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Cultural Commentary

Where was God in Norway?

A sign of love for Oslo is seen inside of a sea of flowers and lit candles placed in memory of those killed in Friday's bomb and shooting attack in front of Oslo Cathedral July 25, 2011.  (Credit: Reuters/Wolfgang Rattay)Where were the Norwegian police while Anders Breivik was shooting innocent civilians last Friday? They have only one police helicopter; its crew were on holiday at the time of the attacks. Today their chief of staff states, "You always try to be better but I don't see how we could have been faster."

God is not limited to a single helicopter. Where was he in Norway last Friday?

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Anders Breivik and the presence of God

Survivors and relatives of a shooting rampage mourn following a memorial service in the Oslo cathedral July 24, 2011. (Credit: Reuters/Wolfgang Rattay)As each day passes, we learn more about Anders Behring Breivik. As you know, last Friday he killed 76 people in the bloodiest act of terrorism Norway has seen since World War II. Before launching his attacks, he posted to his Facebook page a 1,516-page document which explains his motive.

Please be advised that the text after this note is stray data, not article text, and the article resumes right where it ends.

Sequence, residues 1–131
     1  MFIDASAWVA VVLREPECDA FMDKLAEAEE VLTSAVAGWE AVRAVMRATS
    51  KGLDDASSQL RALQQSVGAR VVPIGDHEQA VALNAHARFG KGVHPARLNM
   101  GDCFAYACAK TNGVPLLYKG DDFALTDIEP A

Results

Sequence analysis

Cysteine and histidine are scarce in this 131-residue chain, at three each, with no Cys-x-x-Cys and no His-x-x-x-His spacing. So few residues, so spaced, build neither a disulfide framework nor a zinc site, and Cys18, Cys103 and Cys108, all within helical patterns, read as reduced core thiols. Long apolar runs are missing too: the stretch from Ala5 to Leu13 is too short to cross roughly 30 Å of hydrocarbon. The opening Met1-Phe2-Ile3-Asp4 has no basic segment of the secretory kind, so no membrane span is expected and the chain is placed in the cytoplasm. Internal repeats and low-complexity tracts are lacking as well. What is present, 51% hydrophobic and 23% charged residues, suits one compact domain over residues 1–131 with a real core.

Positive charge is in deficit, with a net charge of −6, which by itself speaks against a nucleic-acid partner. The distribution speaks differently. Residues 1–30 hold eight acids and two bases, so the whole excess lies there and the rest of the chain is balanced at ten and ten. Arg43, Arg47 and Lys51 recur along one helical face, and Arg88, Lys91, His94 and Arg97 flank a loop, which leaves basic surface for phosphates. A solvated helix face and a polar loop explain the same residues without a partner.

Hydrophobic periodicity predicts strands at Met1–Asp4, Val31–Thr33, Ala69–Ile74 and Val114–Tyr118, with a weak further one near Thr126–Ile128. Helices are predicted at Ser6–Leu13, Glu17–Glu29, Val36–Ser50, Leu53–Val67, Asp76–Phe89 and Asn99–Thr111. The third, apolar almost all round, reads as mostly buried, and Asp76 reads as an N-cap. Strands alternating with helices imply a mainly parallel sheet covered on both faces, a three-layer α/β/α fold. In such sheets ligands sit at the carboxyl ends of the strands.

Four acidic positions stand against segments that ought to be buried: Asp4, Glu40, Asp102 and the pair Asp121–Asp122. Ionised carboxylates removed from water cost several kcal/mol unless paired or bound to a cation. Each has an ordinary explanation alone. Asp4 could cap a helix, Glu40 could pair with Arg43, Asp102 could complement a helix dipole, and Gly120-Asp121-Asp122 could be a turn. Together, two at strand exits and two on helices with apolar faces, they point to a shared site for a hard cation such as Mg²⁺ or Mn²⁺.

His manifesto blames multiculturalism for the destruction of Western culture. In it he states, "I do not hate Muslims at all... This does not mean that I will accept an Islamic presence in Europe. Muslim individuals who are not assimilated 100% by 2020 will be deported as soon as we manage to seize power."

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The NFL lockout, the debt ceiling, and my drill

The electric drill my grandfather bought for meThe NFL lockout has been called "millionaires deciding how to share billions." Since the NFL makes $9 billion a year and the average player salary is $1.8 million, it's been hard to generate sympathy for either side. The collective bargaining agreement expired on March 11. The players filed a lawsuit against the owners, who locked out the players from their facilities. Owners want to limit salaries; players want more money.

Showing that life imitates sport, the debt ceiling debate has likewise risen rancor on all sides. Republicans want to cut spending, reform Medicare, and keep taxes low. Democrats want to protect Medicare and raise revenues. Neither can have what it wants; both have the votes to block the other party's agenda. And yet, according to the United States Chamber of Commerce, "defaulting on our debt is not an option—it has real, immediate, and potentially catastrophic consequences."

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